Monday, January 14, 2019

I Lied

I've always been interested in songs that tell us what we didn't know we knew. They usually come to us in early adolescence, age 12, 13, 14, when the world's getting complicated, adults looming and oppressive, social politics maddening, and the body going its own crazy way. How to keep up? Songs often score those days poignantly, and because they get into us as we were developing, a physical and psychological sweet spot of sorts despite the chaos, they never really go away.

Today the dB's great "I Lie" came on shuffle, and it delivered me back to a different time in life. Things are complex for much different reasons in your early 20s, and the songs that soundtrack those years are no less bittersweet than the ones that move and confound you in junior high. When the dB's The Sound of Music came out in 1987, I was solidly in my college DJ groove, excited because I liked the early dB's records, especially Like This, and we were all happy that Peter Holsapple (above) and company had finally graduated to the big-time of I.R.S. Records. The album let me down a bit, mostly because of the production, against which it sounded like the band was fighting, eager to re-discover the loose-limbed sound of their early, more quirky records. "I Lie" was a single, if I'm remembering right, but I didn't have high hopes for its chart life given how utterly morose and downcast the song was, a dirge relative to the band's more idiosyncratic poppy stuff. I didn't like the synth beds or the processed drum sound, which even then I grimly recognized as necessary part of the sonic landscape if one was shooting for a million-seller. The dBs' winsome drummer Will Rigby, who always seemed to play onstage with a grin, didn't wear it well to my ears, but I knew it likely wasn't his call. 

Holsapple in 1987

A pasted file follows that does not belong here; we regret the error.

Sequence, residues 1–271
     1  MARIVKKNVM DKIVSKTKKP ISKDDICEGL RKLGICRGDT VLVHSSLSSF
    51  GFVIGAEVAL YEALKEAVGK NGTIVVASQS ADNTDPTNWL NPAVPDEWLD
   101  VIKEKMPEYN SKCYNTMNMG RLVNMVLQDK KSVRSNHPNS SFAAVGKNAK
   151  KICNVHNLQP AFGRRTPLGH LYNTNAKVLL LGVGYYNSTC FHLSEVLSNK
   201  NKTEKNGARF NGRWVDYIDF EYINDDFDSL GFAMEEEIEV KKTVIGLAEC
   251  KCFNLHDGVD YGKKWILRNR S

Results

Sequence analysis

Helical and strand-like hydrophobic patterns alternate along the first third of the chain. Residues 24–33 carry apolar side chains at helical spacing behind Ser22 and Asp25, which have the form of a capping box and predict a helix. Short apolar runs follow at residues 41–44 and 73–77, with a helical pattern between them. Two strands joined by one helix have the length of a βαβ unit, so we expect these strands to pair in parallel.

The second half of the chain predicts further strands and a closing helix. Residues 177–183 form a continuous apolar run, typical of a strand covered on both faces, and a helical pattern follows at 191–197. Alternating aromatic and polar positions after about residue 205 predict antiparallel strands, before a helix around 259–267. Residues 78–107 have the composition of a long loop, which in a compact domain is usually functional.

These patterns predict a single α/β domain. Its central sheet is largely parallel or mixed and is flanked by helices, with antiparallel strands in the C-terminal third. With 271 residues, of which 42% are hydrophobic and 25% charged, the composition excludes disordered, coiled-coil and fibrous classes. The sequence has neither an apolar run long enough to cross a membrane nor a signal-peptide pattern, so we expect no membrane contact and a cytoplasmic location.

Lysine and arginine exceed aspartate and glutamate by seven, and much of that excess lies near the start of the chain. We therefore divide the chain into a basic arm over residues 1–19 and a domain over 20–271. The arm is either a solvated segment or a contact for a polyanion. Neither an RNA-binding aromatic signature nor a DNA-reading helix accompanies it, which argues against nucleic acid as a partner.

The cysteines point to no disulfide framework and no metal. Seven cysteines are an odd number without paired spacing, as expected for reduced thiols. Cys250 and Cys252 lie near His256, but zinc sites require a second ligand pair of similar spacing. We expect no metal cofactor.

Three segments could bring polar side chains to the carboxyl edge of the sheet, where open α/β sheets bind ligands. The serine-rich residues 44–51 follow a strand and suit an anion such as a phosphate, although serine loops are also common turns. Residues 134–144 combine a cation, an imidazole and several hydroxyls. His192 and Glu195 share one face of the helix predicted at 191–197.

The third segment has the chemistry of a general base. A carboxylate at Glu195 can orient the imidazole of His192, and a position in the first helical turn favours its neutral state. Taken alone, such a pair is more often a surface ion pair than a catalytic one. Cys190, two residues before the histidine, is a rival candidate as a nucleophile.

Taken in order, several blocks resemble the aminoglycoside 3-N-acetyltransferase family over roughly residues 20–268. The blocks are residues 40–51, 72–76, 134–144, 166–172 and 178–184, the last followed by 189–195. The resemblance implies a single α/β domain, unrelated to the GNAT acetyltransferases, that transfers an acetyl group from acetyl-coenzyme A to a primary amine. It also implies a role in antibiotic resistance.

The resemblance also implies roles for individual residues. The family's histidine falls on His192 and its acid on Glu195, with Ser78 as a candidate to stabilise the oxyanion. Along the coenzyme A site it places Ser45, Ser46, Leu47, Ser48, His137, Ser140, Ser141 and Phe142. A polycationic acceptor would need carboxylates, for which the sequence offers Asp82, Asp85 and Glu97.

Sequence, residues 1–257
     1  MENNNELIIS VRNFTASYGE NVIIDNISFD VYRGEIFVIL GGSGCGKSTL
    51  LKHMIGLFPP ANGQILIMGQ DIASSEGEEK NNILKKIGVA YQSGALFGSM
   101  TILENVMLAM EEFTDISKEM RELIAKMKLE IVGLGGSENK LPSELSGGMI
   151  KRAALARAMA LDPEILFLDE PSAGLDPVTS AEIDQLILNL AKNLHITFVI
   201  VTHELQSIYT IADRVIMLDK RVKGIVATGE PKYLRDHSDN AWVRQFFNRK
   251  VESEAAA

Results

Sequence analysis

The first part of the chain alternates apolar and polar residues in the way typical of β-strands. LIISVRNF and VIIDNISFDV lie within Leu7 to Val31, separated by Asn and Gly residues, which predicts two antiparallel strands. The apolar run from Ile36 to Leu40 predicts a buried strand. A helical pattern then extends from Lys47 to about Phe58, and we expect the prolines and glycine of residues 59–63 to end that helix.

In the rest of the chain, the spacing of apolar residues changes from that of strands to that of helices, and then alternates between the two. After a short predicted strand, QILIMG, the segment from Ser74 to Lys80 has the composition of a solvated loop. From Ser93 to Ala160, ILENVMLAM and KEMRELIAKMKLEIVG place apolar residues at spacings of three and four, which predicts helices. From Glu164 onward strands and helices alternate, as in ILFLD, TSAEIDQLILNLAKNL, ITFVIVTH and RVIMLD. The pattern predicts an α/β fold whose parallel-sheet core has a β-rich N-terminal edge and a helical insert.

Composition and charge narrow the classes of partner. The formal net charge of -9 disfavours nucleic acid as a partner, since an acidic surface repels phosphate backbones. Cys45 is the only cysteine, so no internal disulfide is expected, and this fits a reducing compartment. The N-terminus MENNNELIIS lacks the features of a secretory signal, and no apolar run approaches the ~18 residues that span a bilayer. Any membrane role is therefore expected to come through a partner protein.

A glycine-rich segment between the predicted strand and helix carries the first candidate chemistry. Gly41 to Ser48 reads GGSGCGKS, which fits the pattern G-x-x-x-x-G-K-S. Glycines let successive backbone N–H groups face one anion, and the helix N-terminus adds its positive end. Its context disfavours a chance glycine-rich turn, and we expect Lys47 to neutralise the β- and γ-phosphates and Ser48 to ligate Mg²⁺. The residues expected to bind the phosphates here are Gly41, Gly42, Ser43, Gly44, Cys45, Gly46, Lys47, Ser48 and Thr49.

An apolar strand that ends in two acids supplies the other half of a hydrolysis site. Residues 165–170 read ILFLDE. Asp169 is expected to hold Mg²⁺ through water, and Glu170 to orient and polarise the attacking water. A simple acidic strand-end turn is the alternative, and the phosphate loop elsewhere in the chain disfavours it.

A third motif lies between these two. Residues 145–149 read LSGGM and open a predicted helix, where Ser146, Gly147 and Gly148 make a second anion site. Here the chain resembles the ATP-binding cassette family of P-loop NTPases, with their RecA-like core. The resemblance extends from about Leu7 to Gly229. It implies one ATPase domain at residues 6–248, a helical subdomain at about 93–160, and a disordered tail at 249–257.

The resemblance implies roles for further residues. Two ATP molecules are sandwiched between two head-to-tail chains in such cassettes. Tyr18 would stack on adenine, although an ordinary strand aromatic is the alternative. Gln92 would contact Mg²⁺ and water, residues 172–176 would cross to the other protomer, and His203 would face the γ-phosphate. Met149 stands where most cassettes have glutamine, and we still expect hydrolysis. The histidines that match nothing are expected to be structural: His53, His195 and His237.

Yet something in the mournful song hit me very deeply, and I played it often while driving around or on my Walkman on campus between classes, and today I realized that Peter Holsapple, in his hangdog way, was singing something that I couldn't admit to myself. I lied: to my girlfriend, to myself, sometimes to my teachers. Not earth-shattering stuff, yet when I hear the song now I realize that the melancholy and chill in my chest I felt when I listened to it at the time was the residue of a hopelessness, a discovery that I'd never be able to admit some things to myself, was just too scared and weak to, and that I'd have to wait until a song took me there, a coward's route that feels now very much like what being 21 felt like. I see my students in my classes and talk to them, and I know that many of them are struggling with the same painfully pleasurable thing, streaming, YouTube replaying, or dropping the needle: this song is saying what I won't or can't say, and isn't it a great song?

In "I Lie" what I especially love, as is the case with countless other songs, is the turn in the bridge.  Holspapple sings in the verses about all of the deception he directs at himself and others because she left him, but if he had a new girl he wouldn't lie. I sure understood that. Yet the bridge and its dark-night-of-the-soul minor key tells the truth as he wonders, Why don't I want you? Who's this "you?" The first girl or, more distressingly, the second one, the one who's supposed to fix everything? How awfully perfect: I don't want the person who I'm supposed to want. Substitute for "the person" any goal, really: sound like one's twenties? (Or later?) The sad and beautiful "I Lie" fades out with the singer asking the same, despondent question of another: why don't you want me? Man, life's a mess. Add recreational drug and alcohol abuse, the demands of work, scanning the room for identities that will fit right, and the ever widening horizon of life's small and large injustices and it's a wonder we survive at all.

I did. In song, Peter Holsapple was just braver than I was.

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